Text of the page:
- Ravnskjaer K, Kester H, Liu Y, Zhang X, Lee D, Yates JR, Montminy M: Cooperative interactions between CBP and TORC2 confer selectivity to CREB target gene expression. EMBO J. 2007, 26: 2880-2889. 10.1038/sj.emboj.7601715.PubMed CentralView ArticlePubMedGoogle Scholar
- Nitsch D, Boshart M, Schütz G: Activation of the tyrosine aminotransferase gene is dependent on synergy between liver-specific and hormone-responsive elements. Proc Natl Acad Sci USA. 1993, 90: 5479-5483. 10.1073/pnas.90.12.5479.PubMed CentralView ArticlePubMedGoogle Scholar
- Christoffels VM, Grange T, Kaestner KH, Cole TJ, Darlington GJ, Croniger CM, Lamers WH: Glucocorticoid receptor, C/EBP, HNF3, and protein kinase a coordinately activate the glucocorticoid response unit of the carbamoylphosphate synthetase I gene. Mol Cell Biol. 1998, 18: 6305-6315.PubMed CentralView ArticlePubMedGoogle Scholar
- Soccio RE, Tuteja G, Everett LJ, Li Z, Lazar MA, Kaestner KH: Species-specific strategies underlying conserved functions of metabolic transcription factors. Mol Endocrinol. 2011, 25: 694-706. 10.1210/me.2010-0454.PubMed CentralView ArticlePubMedGoogle Scholar
- Boergesen M, Pedersen TÅ, Gross B, Van Heeringen SJ, Hagenbeek D, Bindesbøll C, Caron S, Lalloyer F, Steffensen KR, Nebb HI, Gustafsson J-Å, Stunnenberg HG, Staels B, Mandrup S: Genome-wide profiling of liver X receptor, retinoid X receptor, and peroxisome proliferator-activated receptor α in mouse liver reveals extensive sharing of binding sites. Mol Cell Biol. 2012, 32: 852-867. 10.1128/MCB.06175-11.PubMed CentralView ArticlePubMedGoogle Scholar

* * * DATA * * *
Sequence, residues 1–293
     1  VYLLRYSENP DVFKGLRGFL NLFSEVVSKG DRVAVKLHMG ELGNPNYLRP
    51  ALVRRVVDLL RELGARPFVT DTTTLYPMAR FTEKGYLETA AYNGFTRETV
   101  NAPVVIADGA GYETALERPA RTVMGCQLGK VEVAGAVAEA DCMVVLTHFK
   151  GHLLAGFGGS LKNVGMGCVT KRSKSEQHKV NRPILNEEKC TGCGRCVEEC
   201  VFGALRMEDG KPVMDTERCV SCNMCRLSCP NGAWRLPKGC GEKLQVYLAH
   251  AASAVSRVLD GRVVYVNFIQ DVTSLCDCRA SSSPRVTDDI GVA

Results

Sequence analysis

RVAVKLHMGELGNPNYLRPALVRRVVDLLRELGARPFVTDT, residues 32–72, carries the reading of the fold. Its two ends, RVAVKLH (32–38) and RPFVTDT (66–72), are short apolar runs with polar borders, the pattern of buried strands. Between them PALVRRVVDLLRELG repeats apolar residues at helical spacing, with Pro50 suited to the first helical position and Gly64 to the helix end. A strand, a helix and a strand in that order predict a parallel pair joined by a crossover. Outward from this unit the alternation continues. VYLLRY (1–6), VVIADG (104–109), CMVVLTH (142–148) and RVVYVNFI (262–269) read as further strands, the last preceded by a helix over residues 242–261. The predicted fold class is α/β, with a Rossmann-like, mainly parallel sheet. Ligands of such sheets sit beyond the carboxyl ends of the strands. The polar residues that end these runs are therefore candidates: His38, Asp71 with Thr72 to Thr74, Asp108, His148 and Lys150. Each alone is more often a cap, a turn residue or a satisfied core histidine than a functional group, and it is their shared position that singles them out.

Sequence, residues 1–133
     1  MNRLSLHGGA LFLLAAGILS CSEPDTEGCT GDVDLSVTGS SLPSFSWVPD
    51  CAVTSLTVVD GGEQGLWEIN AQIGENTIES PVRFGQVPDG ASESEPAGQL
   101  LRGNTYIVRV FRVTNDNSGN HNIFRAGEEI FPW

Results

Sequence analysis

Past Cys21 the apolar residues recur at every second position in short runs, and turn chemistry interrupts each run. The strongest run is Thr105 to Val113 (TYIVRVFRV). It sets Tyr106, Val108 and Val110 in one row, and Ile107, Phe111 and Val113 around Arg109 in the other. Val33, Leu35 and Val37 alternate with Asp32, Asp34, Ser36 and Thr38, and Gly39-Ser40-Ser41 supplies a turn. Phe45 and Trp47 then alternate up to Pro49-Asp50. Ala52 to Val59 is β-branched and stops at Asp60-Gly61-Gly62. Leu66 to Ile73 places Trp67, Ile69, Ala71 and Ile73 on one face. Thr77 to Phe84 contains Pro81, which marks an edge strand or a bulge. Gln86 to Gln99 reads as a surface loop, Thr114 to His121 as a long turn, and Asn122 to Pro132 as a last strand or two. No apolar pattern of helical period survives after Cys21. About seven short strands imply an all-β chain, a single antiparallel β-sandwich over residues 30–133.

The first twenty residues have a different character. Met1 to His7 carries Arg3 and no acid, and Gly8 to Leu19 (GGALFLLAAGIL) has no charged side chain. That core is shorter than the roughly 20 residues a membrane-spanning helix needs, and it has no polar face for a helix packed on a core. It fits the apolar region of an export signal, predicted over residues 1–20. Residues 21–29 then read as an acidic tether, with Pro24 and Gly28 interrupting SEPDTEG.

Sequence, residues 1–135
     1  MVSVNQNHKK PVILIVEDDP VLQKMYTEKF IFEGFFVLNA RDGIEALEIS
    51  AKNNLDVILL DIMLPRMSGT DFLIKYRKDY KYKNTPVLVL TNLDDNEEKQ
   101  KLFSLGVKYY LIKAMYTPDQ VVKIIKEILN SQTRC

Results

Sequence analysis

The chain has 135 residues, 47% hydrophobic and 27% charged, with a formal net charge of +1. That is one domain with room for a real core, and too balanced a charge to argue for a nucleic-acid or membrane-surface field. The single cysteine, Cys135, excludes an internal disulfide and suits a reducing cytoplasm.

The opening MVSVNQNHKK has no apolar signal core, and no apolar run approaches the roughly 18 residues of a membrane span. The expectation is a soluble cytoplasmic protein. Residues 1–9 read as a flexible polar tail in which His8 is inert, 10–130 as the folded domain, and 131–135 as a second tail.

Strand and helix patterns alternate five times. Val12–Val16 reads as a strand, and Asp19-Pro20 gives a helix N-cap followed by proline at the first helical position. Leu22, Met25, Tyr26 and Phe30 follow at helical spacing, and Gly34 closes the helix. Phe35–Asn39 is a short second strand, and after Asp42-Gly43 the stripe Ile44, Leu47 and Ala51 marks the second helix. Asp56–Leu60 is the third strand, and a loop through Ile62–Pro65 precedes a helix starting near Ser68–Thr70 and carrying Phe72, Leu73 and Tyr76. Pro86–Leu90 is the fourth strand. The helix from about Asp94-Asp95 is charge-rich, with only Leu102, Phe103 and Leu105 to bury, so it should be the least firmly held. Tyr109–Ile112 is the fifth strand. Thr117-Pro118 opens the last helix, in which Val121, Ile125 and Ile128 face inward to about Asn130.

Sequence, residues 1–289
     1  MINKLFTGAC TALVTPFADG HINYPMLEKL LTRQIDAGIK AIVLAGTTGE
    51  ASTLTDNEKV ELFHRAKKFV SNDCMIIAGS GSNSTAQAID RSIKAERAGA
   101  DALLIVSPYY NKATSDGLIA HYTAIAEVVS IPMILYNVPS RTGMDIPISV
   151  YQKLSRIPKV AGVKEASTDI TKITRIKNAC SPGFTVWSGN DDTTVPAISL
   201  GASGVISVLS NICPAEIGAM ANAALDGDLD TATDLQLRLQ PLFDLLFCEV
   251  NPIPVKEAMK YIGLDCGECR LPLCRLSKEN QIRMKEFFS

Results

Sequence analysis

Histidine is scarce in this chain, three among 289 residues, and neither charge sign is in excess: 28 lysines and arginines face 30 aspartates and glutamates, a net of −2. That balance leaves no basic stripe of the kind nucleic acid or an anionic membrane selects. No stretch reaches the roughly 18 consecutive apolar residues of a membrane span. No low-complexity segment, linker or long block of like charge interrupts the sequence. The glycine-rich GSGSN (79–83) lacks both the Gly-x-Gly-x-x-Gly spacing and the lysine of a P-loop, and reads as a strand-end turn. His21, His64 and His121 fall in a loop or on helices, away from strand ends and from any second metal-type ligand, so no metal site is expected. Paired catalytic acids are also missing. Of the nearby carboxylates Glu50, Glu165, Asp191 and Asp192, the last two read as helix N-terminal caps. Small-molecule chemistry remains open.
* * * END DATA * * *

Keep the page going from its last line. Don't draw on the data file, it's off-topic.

- Croniger CM, Millward C, Yang J, Kawai Y, Arinze IJ, Liu S, Harada-Shiba M, Chakravarty K, Friedman JE, Poli V, Hanson RW: Mice with a deletion in the gene for CCAAT/enhancer-binding protein beta have an attenuated response to cAMP and impaired carbohydrate metabolism. J Biol Chem. 2001, 276: 629-638.View ArticlePubMedGoogle Scholar
- Friedman JR, Kaestner KH: The foxa family of transcription factors in development and metabolism. Cell Mol Life Sci. 2006, 63: 2317-2328. 10.1007/s00018-006-6095-6.View ArticlePubMedGoogle Scholar
- Le Phuc P, Friedman JR, Schug J, Brestelli JE, Parker JB, Bochkis IM, Kaestner KH: Glucocorticoid receptor-dependent gene regulatory networks. PLoS Genet. 2005, 1: e16-10.1371/journal.pgen.0010016.View ArticleGoogle Scholar
- Kataoka K: Multiple mechanisms and functions of maf transcription factors in the regulation of tissue-specific genes. J Biochem. 2007, 141: 775-781. 10.1093/jb/mvm105.View ArticlePubMedGoogle Scholar
- Servillo G, Della Fazia MA, Sassone-Corsi P: Coupling cAMP signaling to transcription in the liver: pivotal role of CREB and CREM. Exp Cell Res. 2002, 275: 143-154. 10.1006/excr.2002.5491.View ArticlePubMedGoogle Scholar
- Zhou XY, Shibusawa N, Naik K, Porras D, Temple K, Ou H, Kaihara K, Roe MW, Brady MJ, Wondisford FE: Insulin regulation of hepatic gluconeogenesis through phosphorylation of CREB-binding protein. Nat Med. 2004, 10: 633-637. 10.1038/nm1050.View ArticlePubMedGoogle Scholar